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private final  List<KeyListener> keyListeners= new CopyOnWriteArrayList<KeyListener>();

public void addKeyListener(KeyListener keyListener){

In the above code I declare keyListeners to be final and also it is thread-safe . I assume by final I mean that the state of the listener can not change after construction . But am I not doing the same in the addKeyListener() method ? Why does the compiler doesn't give me an warning ? What am I missing here ?

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More on final: Java Practices - Use final liberally – Bart Swennenhuis Jul 6 '12 at 11:31
up vote 3 down vote accepted

Final keyword is used to tell that the variable may only be assigned to once. But you can call method on it even if it "change" object properties.

From the JLS :

Once a final variable has been assigned, it always contains the same value. If a final variable holds a reference to an object, then the state of the object may be changed by operations on the object, but the variable will always refer to the same object.

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+1 for putting the link to JLS. This answers exactly what I wanted to learn . – Inquisitive Jul 6 '12 at 10:13
@Subhra You're welcome, JLS often provides all the informations you need to know about Java! – alain.janinm Jul 6 '12 at 10:16

Adding the final keyword means that keyListeners will point to the same CopyOnWriteArrayList throughout the entire program. It would be illegal to do:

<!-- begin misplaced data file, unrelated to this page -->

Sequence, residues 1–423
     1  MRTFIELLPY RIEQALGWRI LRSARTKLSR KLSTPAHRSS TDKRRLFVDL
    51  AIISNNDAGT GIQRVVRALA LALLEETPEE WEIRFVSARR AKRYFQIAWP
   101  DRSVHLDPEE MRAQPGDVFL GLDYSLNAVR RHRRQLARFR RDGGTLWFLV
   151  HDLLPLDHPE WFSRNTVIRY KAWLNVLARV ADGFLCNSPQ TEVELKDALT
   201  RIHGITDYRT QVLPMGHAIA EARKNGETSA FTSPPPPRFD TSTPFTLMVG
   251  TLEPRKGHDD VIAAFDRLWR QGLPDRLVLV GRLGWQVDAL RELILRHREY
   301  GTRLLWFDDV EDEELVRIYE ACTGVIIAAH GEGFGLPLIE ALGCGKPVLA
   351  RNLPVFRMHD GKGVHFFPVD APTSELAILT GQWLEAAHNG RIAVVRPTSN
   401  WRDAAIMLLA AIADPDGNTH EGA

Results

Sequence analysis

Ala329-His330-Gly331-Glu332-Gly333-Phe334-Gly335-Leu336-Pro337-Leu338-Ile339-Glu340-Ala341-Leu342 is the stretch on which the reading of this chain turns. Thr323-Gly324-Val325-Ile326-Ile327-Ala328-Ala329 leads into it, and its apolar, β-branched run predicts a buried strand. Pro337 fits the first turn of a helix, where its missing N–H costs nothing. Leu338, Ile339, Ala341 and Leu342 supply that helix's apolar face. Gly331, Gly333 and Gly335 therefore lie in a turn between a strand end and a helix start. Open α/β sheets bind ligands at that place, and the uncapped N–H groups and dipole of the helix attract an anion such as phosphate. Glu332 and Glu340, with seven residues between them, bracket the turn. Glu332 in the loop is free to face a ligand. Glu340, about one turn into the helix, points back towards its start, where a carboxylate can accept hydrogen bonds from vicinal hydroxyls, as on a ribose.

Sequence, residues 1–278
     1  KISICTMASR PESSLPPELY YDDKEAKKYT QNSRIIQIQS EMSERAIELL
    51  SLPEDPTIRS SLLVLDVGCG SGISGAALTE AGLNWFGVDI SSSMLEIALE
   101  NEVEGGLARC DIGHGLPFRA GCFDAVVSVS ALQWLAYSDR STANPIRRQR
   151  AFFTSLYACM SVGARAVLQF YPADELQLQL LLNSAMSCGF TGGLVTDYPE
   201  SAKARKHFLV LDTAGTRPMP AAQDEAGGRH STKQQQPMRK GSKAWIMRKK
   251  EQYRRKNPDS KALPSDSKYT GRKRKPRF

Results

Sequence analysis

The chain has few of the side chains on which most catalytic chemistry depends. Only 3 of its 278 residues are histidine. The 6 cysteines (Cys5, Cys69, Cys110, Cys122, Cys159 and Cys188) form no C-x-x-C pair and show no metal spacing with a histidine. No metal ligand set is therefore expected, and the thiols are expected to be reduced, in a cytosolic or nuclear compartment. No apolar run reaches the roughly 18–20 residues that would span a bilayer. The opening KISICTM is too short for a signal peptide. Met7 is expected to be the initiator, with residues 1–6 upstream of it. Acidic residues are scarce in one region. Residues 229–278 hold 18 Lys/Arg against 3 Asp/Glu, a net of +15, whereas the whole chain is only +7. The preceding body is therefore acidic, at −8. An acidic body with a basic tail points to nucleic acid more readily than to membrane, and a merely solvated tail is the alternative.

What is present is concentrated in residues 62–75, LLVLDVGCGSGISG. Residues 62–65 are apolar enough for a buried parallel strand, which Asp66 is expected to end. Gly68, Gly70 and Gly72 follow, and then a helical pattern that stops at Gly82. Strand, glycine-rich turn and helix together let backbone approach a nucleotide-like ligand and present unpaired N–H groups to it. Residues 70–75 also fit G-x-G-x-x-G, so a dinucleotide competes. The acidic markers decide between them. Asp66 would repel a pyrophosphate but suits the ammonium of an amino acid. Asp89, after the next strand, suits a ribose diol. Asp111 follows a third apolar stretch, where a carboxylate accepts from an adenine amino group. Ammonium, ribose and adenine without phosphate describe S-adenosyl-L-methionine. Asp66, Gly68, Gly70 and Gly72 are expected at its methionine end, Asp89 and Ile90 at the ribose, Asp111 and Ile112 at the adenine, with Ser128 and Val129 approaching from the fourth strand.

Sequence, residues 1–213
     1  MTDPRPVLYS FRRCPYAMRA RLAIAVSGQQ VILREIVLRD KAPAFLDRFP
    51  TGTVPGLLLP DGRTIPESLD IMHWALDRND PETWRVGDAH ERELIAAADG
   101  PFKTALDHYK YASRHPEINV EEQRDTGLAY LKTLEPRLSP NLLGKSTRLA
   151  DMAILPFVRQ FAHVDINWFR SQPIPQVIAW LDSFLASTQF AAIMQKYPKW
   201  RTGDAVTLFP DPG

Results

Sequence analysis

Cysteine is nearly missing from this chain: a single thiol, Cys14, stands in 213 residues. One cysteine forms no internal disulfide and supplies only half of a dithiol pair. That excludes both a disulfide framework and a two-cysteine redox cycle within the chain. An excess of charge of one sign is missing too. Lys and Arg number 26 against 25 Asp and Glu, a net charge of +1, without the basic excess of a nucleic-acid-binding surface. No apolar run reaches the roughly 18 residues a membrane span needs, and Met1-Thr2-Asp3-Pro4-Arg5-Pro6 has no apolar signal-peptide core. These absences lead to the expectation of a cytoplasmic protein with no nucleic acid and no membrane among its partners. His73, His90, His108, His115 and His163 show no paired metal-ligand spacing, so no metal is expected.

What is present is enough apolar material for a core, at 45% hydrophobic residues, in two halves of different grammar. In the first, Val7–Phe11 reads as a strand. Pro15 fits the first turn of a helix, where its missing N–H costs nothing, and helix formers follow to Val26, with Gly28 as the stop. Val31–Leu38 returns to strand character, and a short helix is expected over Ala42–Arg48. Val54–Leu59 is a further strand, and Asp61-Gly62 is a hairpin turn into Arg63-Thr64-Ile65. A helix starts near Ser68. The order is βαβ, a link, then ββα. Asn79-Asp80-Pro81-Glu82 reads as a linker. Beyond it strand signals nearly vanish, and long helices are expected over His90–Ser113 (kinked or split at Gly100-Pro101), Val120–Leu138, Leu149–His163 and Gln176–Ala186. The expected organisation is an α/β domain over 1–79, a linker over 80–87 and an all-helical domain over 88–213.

keyListeners = null

However, methods of keyListeners can still be called freely. Whether they affect the underlying data structure is not something the compiler cares about.

class Foo {
    public int bar = 1;

    public static void test() {
       final Foo x = new Foo();

       //This is perfectly legal: = 2;

       //This is not:
       x = new Foo();
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+1, also Collections' unmodifiableSet is worth mentioning – Benjamin Gruenbaum Jul 6 '12 at 10:05
@eric how is the use of 'final ' different when added to a primitive type like int and when added to a reference type like in this case ? I thought 'final' fields are kind of constant in that they can never change their state . – Inquisitive Jul 6 '12 at 10:06
@BenjaminGruenbaum: From the question, it appears that the OP doesn't want immutability, but is just wondering why the code above works – Eric Jul 6 '12 at 10:06
@Subra: They can change state, just not value. Once a final field is set, it cannot be changed to a new value. However, if the value is an object, it's fields can be changed freely. – Eric Jul 6 '12 at 10:07
@Eric +1 for the clarification. – Inquisitive Jul 6 '12 at 10:14

Just because final refere to internal address of keyListeners and not to th List itself.

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